The use of computed tomography as a first-line imaging modality in patients with primary hyperparathyroidism

Abstract

Background

The success of minimally invasive parathyroidectomy (MIP) relies on accurate localization of the abnormal parathyroid glands. Concordant findings on ultrasound (US) and 99mTc-scintigraphy (sestamibi) are currently considered the ‘gold standard’. Computed tomography (CT) has also recently been used in preoperative planning. We sought to assess the accuracy of CT for localization of abnormal parathyroid glands in such patients.

Methods

An audit of 75 patients with primary hyperparathyroidism (PHPT) who underwent neck US and CT between 2017 and 2019 at our center as their first-line imaging.

Results

All 75 patients underwent US and CT and 54 (72.0%) also had sestamibi. CT alone identified a potential target in all patients, of which the location was correct in 63 (84.0%). The overall combined sensitivity of US and CT was 88% (95% CI 78–94) and was higher than the combined sensitivity of US and sestamibi (65% [95% CI 53–76]; p < 0.001). Twenty-one patients (28.0%) had an ectopic gland, and the sensitivity of US and CT was 86% (95% CI 64–96) versus US and sestamibi (57% [95% CI 34–77]; p = 0.016). For adenomas < 1.0 g (n = 36; 48%), the accuracy of CT was 81% (95% CI 64–91) compared with 62% (95% CI 44–77) for US and sestamibi (p = 0.04). The correct preoperative diagnosis of multiglandular disease (n = 9; 12%) seemed to be the most difficult, with similar accuracy for US and sestamibi (40% [95% CI 14–73]) and US and CT (50% [95% CI 20–80]) (p > 0.99).

Conclusion

The combination of US and CT was able to correctly identify the location of the abnormal parathyroid in 88% of patients and, in comparison with US and sestamibi, had better diagnostic accuracy, especially for smaller and ectopic adenomas. This finding suggests that US and CT could be considered as a first-line imaging modality in patients with PHPT considered for MIP.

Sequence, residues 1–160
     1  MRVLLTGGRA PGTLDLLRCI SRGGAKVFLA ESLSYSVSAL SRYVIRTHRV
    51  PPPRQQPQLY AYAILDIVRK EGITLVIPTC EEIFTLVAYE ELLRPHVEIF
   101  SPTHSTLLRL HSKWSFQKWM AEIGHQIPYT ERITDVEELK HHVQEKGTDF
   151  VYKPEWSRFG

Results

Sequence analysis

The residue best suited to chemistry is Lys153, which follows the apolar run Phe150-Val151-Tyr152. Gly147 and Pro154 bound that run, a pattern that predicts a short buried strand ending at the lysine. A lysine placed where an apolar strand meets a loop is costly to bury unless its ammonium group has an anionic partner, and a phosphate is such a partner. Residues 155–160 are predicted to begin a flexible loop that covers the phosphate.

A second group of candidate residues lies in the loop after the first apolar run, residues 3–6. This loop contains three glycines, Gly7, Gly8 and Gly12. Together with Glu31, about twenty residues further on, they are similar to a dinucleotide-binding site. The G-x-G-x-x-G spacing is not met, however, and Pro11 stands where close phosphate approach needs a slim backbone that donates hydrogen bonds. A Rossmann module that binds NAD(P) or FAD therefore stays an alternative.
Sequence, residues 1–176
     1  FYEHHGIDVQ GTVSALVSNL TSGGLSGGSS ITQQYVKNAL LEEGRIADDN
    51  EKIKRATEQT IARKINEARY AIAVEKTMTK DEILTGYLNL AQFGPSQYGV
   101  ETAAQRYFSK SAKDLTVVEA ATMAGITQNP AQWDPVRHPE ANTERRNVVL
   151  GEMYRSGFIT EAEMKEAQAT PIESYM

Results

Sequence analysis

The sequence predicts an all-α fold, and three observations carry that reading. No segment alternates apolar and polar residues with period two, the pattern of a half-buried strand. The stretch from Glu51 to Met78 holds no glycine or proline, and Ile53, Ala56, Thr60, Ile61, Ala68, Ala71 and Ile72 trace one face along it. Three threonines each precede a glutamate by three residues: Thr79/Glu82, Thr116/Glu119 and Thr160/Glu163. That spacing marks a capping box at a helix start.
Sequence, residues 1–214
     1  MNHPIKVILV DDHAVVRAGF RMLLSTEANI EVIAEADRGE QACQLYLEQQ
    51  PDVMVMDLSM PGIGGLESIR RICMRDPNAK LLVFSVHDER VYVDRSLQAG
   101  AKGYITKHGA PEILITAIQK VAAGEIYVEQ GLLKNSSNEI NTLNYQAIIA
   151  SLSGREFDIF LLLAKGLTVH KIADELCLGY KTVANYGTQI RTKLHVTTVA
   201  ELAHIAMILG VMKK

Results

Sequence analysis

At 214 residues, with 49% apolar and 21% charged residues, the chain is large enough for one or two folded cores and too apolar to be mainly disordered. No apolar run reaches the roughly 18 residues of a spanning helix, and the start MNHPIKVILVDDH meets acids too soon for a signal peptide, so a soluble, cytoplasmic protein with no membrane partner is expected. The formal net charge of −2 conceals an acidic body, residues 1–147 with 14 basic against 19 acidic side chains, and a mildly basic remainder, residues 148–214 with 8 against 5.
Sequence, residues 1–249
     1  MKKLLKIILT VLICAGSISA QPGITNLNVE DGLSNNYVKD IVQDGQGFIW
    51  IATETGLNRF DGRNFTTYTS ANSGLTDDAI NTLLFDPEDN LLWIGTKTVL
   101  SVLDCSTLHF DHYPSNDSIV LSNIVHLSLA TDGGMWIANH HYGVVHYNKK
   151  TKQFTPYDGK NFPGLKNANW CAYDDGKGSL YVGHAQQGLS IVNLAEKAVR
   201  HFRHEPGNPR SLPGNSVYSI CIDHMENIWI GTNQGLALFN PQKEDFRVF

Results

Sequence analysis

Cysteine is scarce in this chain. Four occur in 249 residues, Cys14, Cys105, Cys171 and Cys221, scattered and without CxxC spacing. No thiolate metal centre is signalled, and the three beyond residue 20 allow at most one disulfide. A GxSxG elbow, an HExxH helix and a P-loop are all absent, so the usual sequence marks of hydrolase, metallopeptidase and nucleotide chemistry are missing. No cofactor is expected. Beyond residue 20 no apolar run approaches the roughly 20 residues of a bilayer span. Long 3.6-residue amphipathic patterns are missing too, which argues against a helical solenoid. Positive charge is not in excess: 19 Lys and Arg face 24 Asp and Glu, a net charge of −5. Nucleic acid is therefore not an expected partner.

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Authors

Contributions

MC de Jong: Study conception and design; acquisition, analysis, and interpretation of data; drafting of manuscript.

K Jamal: Study conception and design; acquisition of data; critical revision.

S Morley: Acquisition of data; analysis and interpretation of data.

T Beale: Acquisition of data; analysis and interpretation of data.

T Chung: Study conception and design; acquisition of data; analysis and interpretation of data.

S Jawad: Acquisition of data; analysis and interpretation of data.

S Hurel: Acquisition of data; analysis and interpretation of data.

H Simpson: Acquisition of data; analysis of data.

U Srirangalingam: Acquisition of data; analysis of data.

SE Baldeweg: Critical revision of revised manuscript.

V Rozalén García: Acquisition of data; analysis and interpretation of data.

S Otero: Acquisition of data; analysis of data.

M Shawky: Acquisition of data; analysis and interpretation of data.

TE Abdel-Aziz: Study conception and design; critical revision.

TR Kurzawinski: Analysis and interpretation of data; drafting of manuscript.

Corresponding author

Correspondence to Mechteld C. de Jong.

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The authors declare that they have no conflict of interest.

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All procedures performed in this study were in accordance with the ethical standards of our institution and with the 1964 Declaration of Helsinki and its later amendments or comparable ethical standards. This retrospective study was registered as an audit of our current practice with our IRB and was exempt from review.

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Not applicable; anonymized retrospective data analysis, consent requirement waived.

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de Jong, M.C., Jamal, K., Morley, S. et al. The use of computed tomography as a first-line imaging modality in patients with primary hyperparathyroidism. Hormones (2020). https://doi.org/10.1007/s42000-020-00205-x

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Keywords

  • Primary hyperparathyroidism
  • Localization
  • Minimally invasive parathyroidectomy
  • Imaging